Electricity companies can mitigate soaring energy costs for UK households by agreeing to sell some of their output at fixed prices “well below” current wholesale rates, the UK energy group has said. SSE.
The FTSE 100 has admitted power companies could play a role in easing soaring energy costs for families, although it has also joined calls for the government to ‘artificially’ scrap prices energy markets by making payments to suppliers so they can avoid passing on huge increases. within the price cap of Great Britain.
Writing in the Financial Times, SSE chief executive Alistair Phillips-Davies proposed a voluntary scheme whereby low-carbon power companies that own existing assets, such as wind farms and nuclear power plants, could agree fixed prices well below current rates for wholesale generation power that they have not committed to sell in advance.
Such fixed-price contracts could run for 15 years, helping to bridge the ‘gap’ until other, longer-term plans to lower the price of electricity in Britain are established, said Phillips-Davies. For example, the government has set targets for cheap, low-carbon technologies such as offshore wind by 2030 as it seeks to reduce Britain’s dependence on gas imported expensive.
The sweeping proposal would help relieve power companies, which fear a windfall tax if they turn in huge profits as households face the biggest squeeze on income in a generation, fueled by soaring costs Energy. Oil and gas companies operating in UK waters have already been hit with a new windfall tax of 25%.
Allies of Nadhim Zahawi, the Chancellor, who held an urgent meeting with energy companies including SSE last week, said he entertained the prospect of a windfall tax if producers appear to be returning excess profits to shareholders.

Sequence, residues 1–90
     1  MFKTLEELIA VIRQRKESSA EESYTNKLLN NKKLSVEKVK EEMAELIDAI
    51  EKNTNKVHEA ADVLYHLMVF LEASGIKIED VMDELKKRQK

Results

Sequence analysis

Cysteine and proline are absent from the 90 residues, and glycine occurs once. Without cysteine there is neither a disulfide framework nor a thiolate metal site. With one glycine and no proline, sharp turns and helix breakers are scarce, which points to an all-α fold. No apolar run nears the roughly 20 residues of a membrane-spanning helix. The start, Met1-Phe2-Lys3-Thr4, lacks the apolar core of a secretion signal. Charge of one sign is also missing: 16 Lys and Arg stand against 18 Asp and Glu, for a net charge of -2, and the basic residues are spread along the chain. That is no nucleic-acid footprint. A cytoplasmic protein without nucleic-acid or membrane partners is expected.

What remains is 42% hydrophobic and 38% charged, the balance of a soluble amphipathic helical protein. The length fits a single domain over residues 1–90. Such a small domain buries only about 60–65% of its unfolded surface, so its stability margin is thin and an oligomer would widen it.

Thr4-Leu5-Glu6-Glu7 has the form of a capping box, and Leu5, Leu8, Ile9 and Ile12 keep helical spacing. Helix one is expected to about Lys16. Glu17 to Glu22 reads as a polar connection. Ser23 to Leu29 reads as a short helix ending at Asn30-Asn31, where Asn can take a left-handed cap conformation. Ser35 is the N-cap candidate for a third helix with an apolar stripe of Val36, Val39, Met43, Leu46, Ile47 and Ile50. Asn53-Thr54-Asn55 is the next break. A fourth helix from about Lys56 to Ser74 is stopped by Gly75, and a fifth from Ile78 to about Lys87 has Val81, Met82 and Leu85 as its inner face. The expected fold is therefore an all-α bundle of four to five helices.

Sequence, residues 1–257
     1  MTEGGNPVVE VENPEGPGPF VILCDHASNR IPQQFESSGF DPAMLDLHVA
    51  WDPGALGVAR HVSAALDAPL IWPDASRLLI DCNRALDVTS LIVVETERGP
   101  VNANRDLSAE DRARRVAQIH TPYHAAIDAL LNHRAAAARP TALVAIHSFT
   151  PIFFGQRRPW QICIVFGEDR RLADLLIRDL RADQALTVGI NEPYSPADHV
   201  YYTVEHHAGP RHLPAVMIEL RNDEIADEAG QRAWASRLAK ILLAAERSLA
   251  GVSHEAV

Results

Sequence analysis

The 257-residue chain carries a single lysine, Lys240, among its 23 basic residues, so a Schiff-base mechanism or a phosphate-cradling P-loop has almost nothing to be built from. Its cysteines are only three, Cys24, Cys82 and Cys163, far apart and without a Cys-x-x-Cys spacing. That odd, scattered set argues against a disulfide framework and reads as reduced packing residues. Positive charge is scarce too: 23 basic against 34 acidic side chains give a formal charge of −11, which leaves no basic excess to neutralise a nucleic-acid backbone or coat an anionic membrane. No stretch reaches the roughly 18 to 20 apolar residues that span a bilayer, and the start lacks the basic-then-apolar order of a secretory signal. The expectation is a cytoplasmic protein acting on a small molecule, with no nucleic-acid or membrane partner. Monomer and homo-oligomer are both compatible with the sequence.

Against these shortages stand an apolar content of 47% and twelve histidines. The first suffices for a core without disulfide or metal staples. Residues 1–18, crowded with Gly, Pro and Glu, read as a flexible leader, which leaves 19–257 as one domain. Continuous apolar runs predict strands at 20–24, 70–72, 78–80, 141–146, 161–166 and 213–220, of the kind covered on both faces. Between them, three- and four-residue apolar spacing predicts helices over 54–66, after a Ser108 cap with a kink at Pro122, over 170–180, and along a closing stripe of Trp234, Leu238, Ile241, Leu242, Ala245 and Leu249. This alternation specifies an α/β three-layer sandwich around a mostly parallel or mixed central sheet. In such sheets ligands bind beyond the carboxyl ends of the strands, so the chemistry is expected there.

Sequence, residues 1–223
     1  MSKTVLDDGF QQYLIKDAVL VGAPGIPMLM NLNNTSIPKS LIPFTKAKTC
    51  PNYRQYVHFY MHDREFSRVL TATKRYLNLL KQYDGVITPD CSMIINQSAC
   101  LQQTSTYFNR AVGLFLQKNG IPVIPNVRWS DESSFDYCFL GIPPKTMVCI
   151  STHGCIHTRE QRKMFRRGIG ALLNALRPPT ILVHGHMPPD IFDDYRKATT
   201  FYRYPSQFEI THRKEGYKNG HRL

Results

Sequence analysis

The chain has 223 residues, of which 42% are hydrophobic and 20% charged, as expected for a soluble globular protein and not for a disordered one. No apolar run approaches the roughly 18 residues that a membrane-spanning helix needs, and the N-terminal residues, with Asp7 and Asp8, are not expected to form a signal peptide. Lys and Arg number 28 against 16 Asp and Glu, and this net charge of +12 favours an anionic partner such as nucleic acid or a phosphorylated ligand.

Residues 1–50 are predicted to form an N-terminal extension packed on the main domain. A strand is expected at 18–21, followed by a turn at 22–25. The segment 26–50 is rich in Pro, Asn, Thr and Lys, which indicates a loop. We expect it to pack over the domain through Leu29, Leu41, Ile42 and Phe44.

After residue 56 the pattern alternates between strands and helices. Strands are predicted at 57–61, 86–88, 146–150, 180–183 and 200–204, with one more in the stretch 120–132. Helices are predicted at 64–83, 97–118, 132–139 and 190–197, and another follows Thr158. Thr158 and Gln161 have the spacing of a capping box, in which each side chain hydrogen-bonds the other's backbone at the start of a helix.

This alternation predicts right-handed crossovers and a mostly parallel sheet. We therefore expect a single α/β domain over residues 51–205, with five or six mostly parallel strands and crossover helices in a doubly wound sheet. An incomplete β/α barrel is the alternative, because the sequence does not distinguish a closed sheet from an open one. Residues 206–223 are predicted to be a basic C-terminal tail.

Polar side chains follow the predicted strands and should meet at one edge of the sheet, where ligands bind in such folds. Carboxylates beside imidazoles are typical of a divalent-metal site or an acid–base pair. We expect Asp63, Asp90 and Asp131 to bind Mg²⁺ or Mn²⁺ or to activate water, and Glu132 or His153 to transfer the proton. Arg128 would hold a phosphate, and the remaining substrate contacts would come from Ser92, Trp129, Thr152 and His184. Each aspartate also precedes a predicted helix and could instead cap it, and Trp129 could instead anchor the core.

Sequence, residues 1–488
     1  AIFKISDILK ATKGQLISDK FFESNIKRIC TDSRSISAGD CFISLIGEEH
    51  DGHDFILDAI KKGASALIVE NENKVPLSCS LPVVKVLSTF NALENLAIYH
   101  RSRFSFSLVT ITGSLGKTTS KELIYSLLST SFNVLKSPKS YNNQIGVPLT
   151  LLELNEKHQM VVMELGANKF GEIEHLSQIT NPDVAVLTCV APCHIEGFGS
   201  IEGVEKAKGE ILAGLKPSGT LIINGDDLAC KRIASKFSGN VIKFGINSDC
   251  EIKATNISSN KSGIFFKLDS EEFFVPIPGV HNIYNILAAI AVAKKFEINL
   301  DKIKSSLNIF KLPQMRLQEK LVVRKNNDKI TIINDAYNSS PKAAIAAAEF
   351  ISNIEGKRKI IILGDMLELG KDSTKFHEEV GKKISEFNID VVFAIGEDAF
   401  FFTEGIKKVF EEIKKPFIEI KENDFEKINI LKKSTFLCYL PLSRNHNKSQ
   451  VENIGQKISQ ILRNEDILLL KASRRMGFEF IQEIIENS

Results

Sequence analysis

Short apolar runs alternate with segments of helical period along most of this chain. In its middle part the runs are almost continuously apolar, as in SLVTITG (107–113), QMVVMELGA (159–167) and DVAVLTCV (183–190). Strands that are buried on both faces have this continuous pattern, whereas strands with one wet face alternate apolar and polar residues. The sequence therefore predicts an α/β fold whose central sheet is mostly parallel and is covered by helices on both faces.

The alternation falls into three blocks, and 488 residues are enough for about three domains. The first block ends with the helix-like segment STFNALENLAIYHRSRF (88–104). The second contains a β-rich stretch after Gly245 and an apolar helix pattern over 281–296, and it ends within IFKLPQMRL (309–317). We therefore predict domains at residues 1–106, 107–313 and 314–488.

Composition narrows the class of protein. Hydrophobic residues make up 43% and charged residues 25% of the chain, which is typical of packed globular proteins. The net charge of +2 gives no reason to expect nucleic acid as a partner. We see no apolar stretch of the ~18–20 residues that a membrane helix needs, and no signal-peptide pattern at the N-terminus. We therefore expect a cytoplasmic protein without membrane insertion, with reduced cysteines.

The Phillips-Davies intervention comes ahead of Ofgem announcing on August 26 the new level of the energy price cap, which dictates the bills of the vast majority of households. Current forecasts suggest the energy regulator will announce a rise to over £3,600 a year for a typical household from October 1, up from £1,971 currently.
Phillips-Davies said renewable and nuclear generators would pay the difference between the agreed fixed price and current wholesale rates into a pot “which could then help pay off any debt created by the cap [household] prices”.
SSE owns renewable energy generation, such as wind farms, as well as electricity grids and gas-fired power stations in Britain. It no longer sells electricity and gas directly to UK customers after selling its retail business to Ovo in 2020.
The proposal echoes a scheme suggested earlier this year by academics at the UK Energy Research Center who estimated that more than £300 could be cut from household energy bills a year.
The academics said most existing large-scale renewable energy projects still benefit from a legacy support program that pays producers a subsidy on top of prevailing wholesale electricity prices.
Phillips-Davies insisted the government should still play the biggest role in helping families this winter as it backed a proposed £1billion loan scheme to help suppress the prices of energy on the internal market.
The scheme, first suggested by ScottishPower in April, has grown in popularity as concerns about energy bills have grown. Phillips-Davies added that a loan scheme should be considered a “mortgage” rather than a “handout”.
“As with emergency Covid support, it would rely on relatively cheap government borrowing, but with a plan to pay down that debt as we complete our energy transition and prices come down,” he said. added.